Cell mechanical properties on a whole cell basis have been widely studied, whereas local intracellular variations have been less well characterized and are poorly understood. To fill this gap, here we provide detailed intracellular maps of regional cytoskeleton (CSK) stiffness, loss tangent, and rate of structural rearrangements, as well as their relationships to the underlying regional F-actin density and the local cytoskeletal prestress. In the human airway smooth muscle cell, we used micropatterning to minimize geometric variation. We measured the local cell stiffness and loss tangent with optical magnetic twisting cytometry and the local rate of CSK remodeling with spontaneous displacements of a CSK-bound bead. We also measured traction distributions with traction microscopy and cell geometry with atomic force microscopy. On the basis of these experimental observations, we used finite element methods to map for the first time the regional distribution of intracellular prestress. Compared with the cell center or edges, cell corners were systematically stiffer and more fluidlike and supported higher traction forces, and at the same time had slower remodeling dynamics. Local remodeling dynamics had a close inverse relationship with local cell stiffness. The principal finding, however, is that systematic regional variations of CSK stiffness correlated only poorly with regional F-actin density but strongly and linearly with the regional prestress. Taken together, these findings in the intact cell comprise the most comprehensive characterization to date of regional variations of cytoskeletal mechanical properties and their determinants.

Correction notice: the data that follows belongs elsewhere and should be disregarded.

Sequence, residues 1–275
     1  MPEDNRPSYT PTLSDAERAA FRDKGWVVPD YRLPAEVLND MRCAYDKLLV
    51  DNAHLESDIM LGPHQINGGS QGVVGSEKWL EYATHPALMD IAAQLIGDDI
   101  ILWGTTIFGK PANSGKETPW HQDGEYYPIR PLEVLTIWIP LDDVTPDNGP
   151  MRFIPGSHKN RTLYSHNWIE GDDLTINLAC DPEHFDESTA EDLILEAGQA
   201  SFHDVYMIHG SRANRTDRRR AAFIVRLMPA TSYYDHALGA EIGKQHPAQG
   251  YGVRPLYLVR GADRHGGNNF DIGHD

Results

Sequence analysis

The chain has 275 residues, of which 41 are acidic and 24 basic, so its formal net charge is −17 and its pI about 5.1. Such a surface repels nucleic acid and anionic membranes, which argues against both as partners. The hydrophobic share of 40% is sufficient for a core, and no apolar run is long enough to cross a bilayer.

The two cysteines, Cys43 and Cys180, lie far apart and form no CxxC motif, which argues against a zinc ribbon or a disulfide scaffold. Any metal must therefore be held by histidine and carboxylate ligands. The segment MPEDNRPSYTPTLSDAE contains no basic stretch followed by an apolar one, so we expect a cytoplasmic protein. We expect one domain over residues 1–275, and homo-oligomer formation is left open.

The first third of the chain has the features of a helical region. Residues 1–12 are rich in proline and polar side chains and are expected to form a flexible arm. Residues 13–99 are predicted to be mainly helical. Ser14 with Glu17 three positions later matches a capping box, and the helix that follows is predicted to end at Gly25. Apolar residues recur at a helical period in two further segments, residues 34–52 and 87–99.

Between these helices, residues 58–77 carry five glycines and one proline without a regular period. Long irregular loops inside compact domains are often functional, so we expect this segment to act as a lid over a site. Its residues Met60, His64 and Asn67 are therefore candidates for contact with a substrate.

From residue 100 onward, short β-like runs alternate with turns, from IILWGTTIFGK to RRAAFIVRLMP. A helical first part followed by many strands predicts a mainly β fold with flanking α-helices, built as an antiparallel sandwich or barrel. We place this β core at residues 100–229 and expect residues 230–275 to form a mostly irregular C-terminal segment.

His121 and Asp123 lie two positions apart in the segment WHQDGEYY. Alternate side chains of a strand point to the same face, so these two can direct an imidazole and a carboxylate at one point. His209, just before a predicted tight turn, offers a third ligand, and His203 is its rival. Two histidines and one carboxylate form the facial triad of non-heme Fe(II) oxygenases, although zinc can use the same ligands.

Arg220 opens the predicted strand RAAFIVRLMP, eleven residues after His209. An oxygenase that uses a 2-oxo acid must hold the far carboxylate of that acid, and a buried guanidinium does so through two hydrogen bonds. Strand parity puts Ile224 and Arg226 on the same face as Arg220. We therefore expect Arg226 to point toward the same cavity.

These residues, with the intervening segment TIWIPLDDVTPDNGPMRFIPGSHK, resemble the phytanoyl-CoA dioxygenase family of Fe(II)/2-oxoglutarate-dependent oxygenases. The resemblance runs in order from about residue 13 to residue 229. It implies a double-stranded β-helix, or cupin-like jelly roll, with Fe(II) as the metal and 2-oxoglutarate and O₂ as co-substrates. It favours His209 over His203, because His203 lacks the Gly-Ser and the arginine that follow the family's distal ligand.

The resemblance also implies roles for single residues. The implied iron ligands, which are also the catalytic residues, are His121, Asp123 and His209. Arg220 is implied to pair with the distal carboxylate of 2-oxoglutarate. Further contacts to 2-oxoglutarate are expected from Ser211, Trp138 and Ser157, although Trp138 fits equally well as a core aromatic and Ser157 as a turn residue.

[Show abstract][Hide abstract] ABSTRACT: Local intracellular variations of cell mechanical properties, which are essential for vital cellular functions, have not been well characterized and are poorly understood. Here, we used results from our previous biomechanical imaging study to obtain relationships between intracellular shear modulus and prestress. We found that the subcellular shear modulus vs. prestress relationships exhibited positive linear correlations, consistent with previously observed behaviors at the whole cell and tissue levels. This, in turn, suggests that the prestress may be a unifying factor that determines material properties of living matter at different length scales.
Journal of Biomechanics 08/2014; 47:3222-3225. DOI:10.1016/j.jbiomech.2014.08.004 · 2.75 Impact Factor
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